Friday, May 7, 1999 Published at 02:40 GMT 03:40 UK
GM pests bite back
Genetically-modified food: The row continues
By Helen Briggs of BBC Science
Genetically modifying crops to protect them against pests may not work, according to research published in Science Journal.
Insect damage to crops like maize costs farmers billions of dollars a year.
It is one of the arguments for planting crops that have been modified to produce an insecticide capable of killing the pests that feed on them.
But this latest research, carried out at Kansas State University, is likely to fuel the debate over GM crops.
Immunity through exposure
The researchers found that insects can become immune to insecticide through over-exposure, in the same way that bacteria, responsible for human diseases, can become resistant when exposed to too many antibiotics.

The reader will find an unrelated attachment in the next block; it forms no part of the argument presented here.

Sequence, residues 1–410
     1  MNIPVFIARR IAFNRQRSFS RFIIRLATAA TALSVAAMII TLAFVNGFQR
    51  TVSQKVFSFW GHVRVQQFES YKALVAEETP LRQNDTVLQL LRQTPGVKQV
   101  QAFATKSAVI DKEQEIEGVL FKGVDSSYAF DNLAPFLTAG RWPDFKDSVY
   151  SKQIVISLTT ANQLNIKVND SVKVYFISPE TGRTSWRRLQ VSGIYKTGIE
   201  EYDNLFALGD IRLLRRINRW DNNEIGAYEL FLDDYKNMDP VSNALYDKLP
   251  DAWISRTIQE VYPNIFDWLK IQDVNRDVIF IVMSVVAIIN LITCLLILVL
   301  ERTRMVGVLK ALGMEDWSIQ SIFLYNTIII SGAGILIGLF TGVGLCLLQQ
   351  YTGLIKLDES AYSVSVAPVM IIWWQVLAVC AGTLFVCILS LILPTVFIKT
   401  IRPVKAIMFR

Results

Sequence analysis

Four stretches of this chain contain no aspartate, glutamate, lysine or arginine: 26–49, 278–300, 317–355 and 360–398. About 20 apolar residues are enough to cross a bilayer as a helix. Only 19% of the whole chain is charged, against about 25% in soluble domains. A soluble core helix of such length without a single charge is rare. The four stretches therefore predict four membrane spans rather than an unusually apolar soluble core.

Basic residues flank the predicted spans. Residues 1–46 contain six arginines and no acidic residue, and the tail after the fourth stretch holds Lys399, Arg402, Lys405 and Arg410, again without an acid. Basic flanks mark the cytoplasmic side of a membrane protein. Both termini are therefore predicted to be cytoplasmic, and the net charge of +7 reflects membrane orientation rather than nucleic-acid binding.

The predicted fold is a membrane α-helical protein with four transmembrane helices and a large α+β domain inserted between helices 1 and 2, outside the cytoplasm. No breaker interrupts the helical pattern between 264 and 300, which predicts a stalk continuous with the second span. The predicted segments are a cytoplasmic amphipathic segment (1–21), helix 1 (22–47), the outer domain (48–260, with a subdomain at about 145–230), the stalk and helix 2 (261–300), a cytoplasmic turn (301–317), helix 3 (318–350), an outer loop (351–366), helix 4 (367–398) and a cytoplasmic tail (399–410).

The report confirms that corn borers, which attack maize, develop immunity to insecticide much more quickly than was previously thought.
And this could spread rapidly as the insects breed.
So far these experiments have only been carried out in the laboratory.
But if the same results are seen in cornfields, it means scientists may have to think again about how to protect crops from attacks by pests.